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Forecasting carbon storage of eastern forests: interactions of pests, climate change and chestnut restoration. Arjan De Bruijn 1,2, Eric Gustafson 2, Brian.

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Presentation on theme: "Forecasting carbon storage of eastern forests: interactions of pests, climate change and chestnut restoration. Arjan De Bruijn 1,2, Eric Gustafson 2, Brian."— Presentation transcript:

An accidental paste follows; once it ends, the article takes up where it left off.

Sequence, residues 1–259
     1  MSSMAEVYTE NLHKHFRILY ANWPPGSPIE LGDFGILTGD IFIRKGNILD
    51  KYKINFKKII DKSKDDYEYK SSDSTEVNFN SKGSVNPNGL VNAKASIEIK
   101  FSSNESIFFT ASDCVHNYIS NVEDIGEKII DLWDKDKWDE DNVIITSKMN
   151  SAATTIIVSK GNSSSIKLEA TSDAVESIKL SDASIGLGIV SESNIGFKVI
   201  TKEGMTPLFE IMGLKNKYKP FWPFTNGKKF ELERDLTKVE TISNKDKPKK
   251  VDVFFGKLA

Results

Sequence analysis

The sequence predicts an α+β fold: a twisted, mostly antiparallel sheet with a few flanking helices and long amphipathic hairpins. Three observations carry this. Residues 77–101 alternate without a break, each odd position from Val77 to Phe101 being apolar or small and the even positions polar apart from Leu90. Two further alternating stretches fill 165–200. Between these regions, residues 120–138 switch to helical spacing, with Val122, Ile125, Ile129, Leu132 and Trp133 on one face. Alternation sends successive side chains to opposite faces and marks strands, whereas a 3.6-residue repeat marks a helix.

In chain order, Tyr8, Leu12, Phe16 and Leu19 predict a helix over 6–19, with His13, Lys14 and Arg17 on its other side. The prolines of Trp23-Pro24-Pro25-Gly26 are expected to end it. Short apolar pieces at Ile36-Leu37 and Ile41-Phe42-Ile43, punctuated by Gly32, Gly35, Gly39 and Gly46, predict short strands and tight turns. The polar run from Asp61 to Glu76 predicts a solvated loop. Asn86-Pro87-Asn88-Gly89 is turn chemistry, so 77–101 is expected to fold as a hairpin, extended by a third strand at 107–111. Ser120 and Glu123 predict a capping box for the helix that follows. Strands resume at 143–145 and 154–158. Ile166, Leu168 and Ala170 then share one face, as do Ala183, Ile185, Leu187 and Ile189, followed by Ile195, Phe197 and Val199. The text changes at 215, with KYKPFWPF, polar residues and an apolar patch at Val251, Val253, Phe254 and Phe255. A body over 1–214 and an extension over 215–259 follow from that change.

1 Forecasting carbon storage of eastern forests: interactions of pests, climate change and chestnut restoration. Arjan De Bruijn 1,2, Eric Gustafson 2, Brian Sturtevant 2, Nathanael Lichti 1,Douglass F. Jacobs 1*, (1)Purdue University, West Lafayette, IN (2)Northern Research Station, USDA-ARS Forest Service, Rhinelander, WI * Author for correspondence. References [1] Botkin, D. B., L. G. Simpson, and R. A. Nisbet Biomass and carbon storage of the North American deciduous forest. Biogeochemistry 20:1-17. [2] Dong, J., R. K. Kaufmann, R. B. Myneni, C. J. Tucker, P. E. Kauppi, J. Liski, W. Buermann, V. Alexeyev, and M. K. Hughes Remote sensing estimates of boreal and temperate forest woody biomass: carbon pools, sources, and sinks. Remote Sensing of Environment 84: [3] Scheller, R. M., J. B. Domingo, B. R. Sturtevant, J. S. Williams, A. Rudy, E. J. Gustafson, and D. J. Mladenoff Design, development, and application of LANDIS-II, a spatial landscape simulation model with flexible spatial and temporal resolution. Ecological Modeling 201: [4] Aber, J. D. and C. A. Federer A generalized, lumped-parameter model of photosynthesis, evapotranspiration and net primary production in temperate and boreal forest ecosystems. Oecologia 92: Papers and manuscripts (at least partially) attributed to this project [5] Jacobs, D.F., Dalgleish, H.J., Nelson, C.D., A conceptual framework for restoration of threatened plants: the effective model of American chestnut (Castanea dentata) reintroduction. New Phytologist 197, [6] Lichti, N., Sturtevant, B.R., Miranda, B.R., Gustafson, E.J. Improving the simulation of seed dispersal in forest landscape models (In prep) [7] De Bruijn, A.M.G., Gustafson, E.J., Kashian, D.M., Dalgleish, H.J., Sturtevant, B.R., Jacobs, D.F. Decomposition rates of American chestnut (Castanea dentata) wood and implications for coarse woody debris pools (Canadian Journal of Forest Research 44(12): , 2014) [8] De Bruijn, A.M.G., Gustafson, E.J. Sturtevant, B.R., Foster, J., Miranda, B, Lichti, N. Jacobs, D.F. Toward more robust projections of forest landscape dynamics under novel environmental conditions: more mechanistic simulations of competition for water and light in LANDIS-II (Ecological Modelling, 287: 44-57, 2014) [9] Gustafson, E.J When relationships estimated in the past cannot be used to predict the future: using mechanistic models to predict landscape ecological dynamics in a changing world. Landscape Ecology 28: [10] Gustafson, E.J., D.J. Shinneman. Approaches to modeling landscape-scale drought-induced forest mortality. Ch. 5 in Mapping and Modeling Forest Landscape Patterns, Perera A., T. Remmel and L. Buse (eds.). Springer. (in press) [11] Gustafson, E.J., A.M.G. De Bruijn, M.E. Kubiske, B.R. Sturtevant. 2014, Mechanistically linking fundamental environmental drivers to landscape dynamics: integrating ecophysiology and forest landscape models to better predict drought effects under climate change (Global Change Biology (2): ) [12] Gustafson, E.J., A.M.G. De Bruijn, M.E. Kubiske, Robert E. Pangle, Jean-Marc Limousin, Nate McDowell, B.R. Sturtevant, Jordan Muss, William T. Pockman Integrating ecophysiology and forest landscape models to better project drought effects under climate change. (in press, Global Change Biology 12(21)) [13] A.M.G. De Bruijn et al. Landscape and carbon sequestration implications of American chestnut re-introduction: simulating the outcome of complex life history and disturbance interactions. (in prep.) Acknowledgments This project was supported by Agriculture and Food Research Initiative Competitive Grant no from the USDA National Institute of Food and Agriculture. Eastern deciduous forests sequester a majority of the nation’s forest carbon, but impending forest changes such as exotic insect pests (e.g., gypsy moth, emerald ash borer), and successional changes stemming from suppression of fire threaten to reduce carbon stocks. Reintroduction of blight-resistant American chestnut may increase carbon sequestration because of its high growth rate, longevity and decay resistance. We developed a new succession extension (PnET-Succession) for the LANDIS-II forest landscape model that uses concepts of the PnET ecophysiology model to simulate species competition for light and water at landscape scale. We applied the model in western Maryland to explore the carbon implications of scenarios that include interactions of current forest management strategies (e.g., prescribed fire), chestnut restoration, climate change, and exotic pests. Our results show the relative impact of each factor on forest composition, successional trends, susceptibility of forests to insect outbreaks and carbon stocks. Because of its first-principles modeling approach, our study allows rigorous assessment of the landscape-scale carbon-storage implications of a potential restoration opportunity in eastern forests in the face of novel threats posed by climate change and exotic pests. CalibrationSpecies traitsFactorial simulations Locations PestsHarvestsCarbon, water, light FactorsTreatment Levels Management Harvest Harvest + Burning Climate Change Moderate change (A2) Extreme change (A1F1) Pests Gypsy moth, EAB, Sudden Oak Death, Asian Longhorned Beetle, hemlock wooly adelgid Chestnut Restoration None Restricted Aggressive New chestnutClimate change Top: From a source northeast of the map (~100 m /100 yr) Bottom: From planting after commercial oak harvests Species dominance in constant and A1F1 climate Literature review for chestnut traits, other species data from previous LANDIS-II projects [e.g., 1-4] and published data Field work to determine chestnut leaf mass area, foliar nitrogen, leaf lignin, wood decay rates, dispersal distance. Top: Spread of Asian longhorned beetje through Green Ridge Middle: Simulated demise of host species Sugar maple Bottom: Simulated area infected by three main insect pests Calibrate species growth using FIA data Use historic accounts for chestnut [7]. Above: Random simulation of an annual harvest cycle Below: Effect of harvests on aboveground carbon